Surgery (trabeculectomy) - this is performed usually after eye drops and laser have failed to control the eye pressure. A new channel for the fluid to leave the eye is created.

Treatment can save remaining vision but it does not improve eye sight.


* Chronic (primary open-angle) glaucoma is the most common form of this disease. However, other forms occur:

* Low-tension or normal tension glaucoma. Occasionally optic nerve damage can occur in people with so-called normal eye pressure. This form of glaucoma is treated in the same manner as open-angle glaucoma.

* Acute (angle-closure) glaucoma. Acute glaucoma is when the pressure inside the eye rapidly increases due to the iris blocking the drain. An attack of acute glaucoma is often severe. People suffer pain, nausea, blurred vision and redness of the eye. Immediate medical help should be sought. If treatment is delayed there can be permanent visual damage in a very short time. Usually, laser surgery performed promptly can clear the blockage and protect against visual impairment.

* Congenital glaucoma. This is a rare form of glaucoma caused by an abnormal drainage system. It can exist at birth or develop later. Parents may note that the child is sensitive to light, has enlarged and cloudy eyes, and excessive watering. Surgery is usually needed.

* Secondary glaucomas. These glaucomas can develop as a result of other disorders of the eye such as injuries, cataracts, eye inflammation. The use of steroids (cortisone) has a tendency to raise eye pressure and therefore pressures should be checked frequently when steroids are used.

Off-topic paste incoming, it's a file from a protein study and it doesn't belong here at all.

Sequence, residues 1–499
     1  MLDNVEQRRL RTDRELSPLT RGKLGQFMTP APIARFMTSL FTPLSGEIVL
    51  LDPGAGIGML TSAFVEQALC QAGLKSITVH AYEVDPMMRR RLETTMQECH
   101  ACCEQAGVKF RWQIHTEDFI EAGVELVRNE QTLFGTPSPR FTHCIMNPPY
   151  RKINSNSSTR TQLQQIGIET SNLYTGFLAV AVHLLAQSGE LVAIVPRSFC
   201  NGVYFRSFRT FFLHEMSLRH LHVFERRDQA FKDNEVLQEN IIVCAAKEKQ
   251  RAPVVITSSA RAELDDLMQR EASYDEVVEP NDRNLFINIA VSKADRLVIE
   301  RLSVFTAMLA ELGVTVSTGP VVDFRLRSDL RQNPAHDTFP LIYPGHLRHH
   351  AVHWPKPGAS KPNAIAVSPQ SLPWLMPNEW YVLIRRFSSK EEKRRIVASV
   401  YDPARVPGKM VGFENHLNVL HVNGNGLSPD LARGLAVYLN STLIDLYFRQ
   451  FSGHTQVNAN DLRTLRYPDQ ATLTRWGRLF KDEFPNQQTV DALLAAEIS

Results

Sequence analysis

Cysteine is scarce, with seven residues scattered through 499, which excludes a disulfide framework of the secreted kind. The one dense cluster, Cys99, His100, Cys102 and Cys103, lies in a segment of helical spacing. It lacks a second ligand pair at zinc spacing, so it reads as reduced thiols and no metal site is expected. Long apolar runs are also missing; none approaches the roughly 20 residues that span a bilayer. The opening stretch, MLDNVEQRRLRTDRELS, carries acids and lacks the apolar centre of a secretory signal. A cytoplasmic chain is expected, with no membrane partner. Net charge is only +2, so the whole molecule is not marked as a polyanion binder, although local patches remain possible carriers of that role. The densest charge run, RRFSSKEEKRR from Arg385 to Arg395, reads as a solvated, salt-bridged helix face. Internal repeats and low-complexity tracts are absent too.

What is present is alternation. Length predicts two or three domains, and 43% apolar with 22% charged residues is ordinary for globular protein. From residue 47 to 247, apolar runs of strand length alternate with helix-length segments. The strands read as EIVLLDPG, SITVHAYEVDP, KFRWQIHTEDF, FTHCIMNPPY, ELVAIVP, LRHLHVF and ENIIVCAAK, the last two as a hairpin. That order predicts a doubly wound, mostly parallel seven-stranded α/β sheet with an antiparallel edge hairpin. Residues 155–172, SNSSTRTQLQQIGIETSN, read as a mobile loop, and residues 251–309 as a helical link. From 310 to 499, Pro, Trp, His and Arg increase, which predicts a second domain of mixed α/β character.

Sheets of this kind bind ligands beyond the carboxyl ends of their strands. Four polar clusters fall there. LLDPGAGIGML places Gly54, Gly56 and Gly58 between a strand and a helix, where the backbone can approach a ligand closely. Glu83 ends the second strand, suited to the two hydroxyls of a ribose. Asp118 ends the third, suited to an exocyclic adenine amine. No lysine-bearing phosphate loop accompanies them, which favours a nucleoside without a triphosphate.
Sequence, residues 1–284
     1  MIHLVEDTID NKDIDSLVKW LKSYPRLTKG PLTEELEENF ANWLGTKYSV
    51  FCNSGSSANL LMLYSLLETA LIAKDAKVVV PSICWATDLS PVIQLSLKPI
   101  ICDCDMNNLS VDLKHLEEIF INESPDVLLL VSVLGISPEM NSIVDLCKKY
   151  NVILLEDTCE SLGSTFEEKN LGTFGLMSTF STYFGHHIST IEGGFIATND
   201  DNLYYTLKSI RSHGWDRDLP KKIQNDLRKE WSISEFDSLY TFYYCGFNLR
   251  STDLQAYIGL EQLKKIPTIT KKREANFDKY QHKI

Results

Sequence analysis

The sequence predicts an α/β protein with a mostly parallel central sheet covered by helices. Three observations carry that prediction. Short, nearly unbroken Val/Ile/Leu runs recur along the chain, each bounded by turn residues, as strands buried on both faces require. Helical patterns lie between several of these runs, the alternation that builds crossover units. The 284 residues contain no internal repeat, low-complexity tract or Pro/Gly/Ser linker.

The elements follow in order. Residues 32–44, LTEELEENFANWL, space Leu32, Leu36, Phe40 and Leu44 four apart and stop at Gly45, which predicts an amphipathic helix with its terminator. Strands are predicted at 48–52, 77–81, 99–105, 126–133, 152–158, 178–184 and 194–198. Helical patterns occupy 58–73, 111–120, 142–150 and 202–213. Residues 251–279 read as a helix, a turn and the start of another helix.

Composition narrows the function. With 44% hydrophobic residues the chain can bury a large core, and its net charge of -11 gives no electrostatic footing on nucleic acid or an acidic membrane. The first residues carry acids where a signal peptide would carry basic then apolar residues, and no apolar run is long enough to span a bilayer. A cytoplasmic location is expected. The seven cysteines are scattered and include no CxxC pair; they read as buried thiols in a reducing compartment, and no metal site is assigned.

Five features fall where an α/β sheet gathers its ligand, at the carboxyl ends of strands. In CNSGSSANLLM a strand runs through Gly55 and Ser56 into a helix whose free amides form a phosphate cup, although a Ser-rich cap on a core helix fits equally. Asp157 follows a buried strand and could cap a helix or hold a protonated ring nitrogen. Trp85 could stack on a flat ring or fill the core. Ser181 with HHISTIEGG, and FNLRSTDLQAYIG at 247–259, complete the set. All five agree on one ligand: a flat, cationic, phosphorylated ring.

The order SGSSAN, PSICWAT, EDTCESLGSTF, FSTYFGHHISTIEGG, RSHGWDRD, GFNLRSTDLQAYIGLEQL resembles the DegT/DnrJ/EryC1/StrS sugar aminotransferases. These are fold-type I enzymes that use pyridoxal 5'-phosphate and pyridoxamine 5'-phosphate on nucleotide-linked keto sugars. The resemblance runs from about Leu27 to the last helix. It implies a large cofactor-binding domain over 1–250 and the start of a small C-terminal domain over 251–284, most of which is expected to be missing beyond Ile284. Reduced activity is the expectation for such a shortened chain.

Hope this help dotti

Fatty *7* *7*


Fri Apr 11, 2008 11:51 am
Post Re: Fibromyalgia and Glaucoma

I was misdiagnosed with glaucoma and a couple of other eye problems for 3 years before I found an eye doctor who did the glaucoma and other tests 3 times before he was satisfied to tell me that I had slow growing cataracts.

They are so slow in getting to operable stage that it has now been 5 years since they were detected. Evidently cataracts this slow are very hard to diagnose. I would go to another eye doctor for a second opinion preferably a doctor that specializes in eye surgery thats how I found the correct diagnosis.


Fri Apr 11, 2008 12:42 pm
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Joined: Tue Jul 10, 2007 2:26 am
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Location: Eastern, MA
Post Re: Fibromyalgia and Glaucoma
I also do not see a connection with Fibro and glaucoma, however, if you are treated with steroids or have diabetes you are at higher risk for developing glaucoma. Also if you have a close relative with glaucoma you are at increased risk. My father developed glaucoma after being on steroids. He also developed diabetes from the steroids. His father had both of these conditions, but neither had Fibro.


She was not quite what you would call refined.
She was not quite what you would call unrefined.
She was the kind of person that keeps a parrot.

Mark Twain

I thought I was hearing voices...turns out it was just my parrot

Fri Apr 11, 2008 9:32 pm
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Joined: Sat Jan 22, 2005 9:56 pm
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Post Re: Fibromyalgia and Glaucoma
a couple years before i was dx'd with fibro, an eye dr. told me that the pressure in my eyes indicated the beginning of glaucoma. i have a family history of diabetes (and glaucoma). i went to another eye dr. for a second opinion and she said no indication of glaucoma.

i don't know of any testing to find correlations between the two conditions, but on my new eye doctor's information sheet, fibro is listed. you know, to check if you have it. it's the first time i've ever seen it on any checklist at any doctor's office.

that being said, i was dx'd in Oct 2007 with diabetes. my doctor told me that diabetes is usually "cooking in your body" for about 10 years, before you are dx'd with it. maybe some of the symptoms occur early...

Sat Apr 12, 2008 8:29 am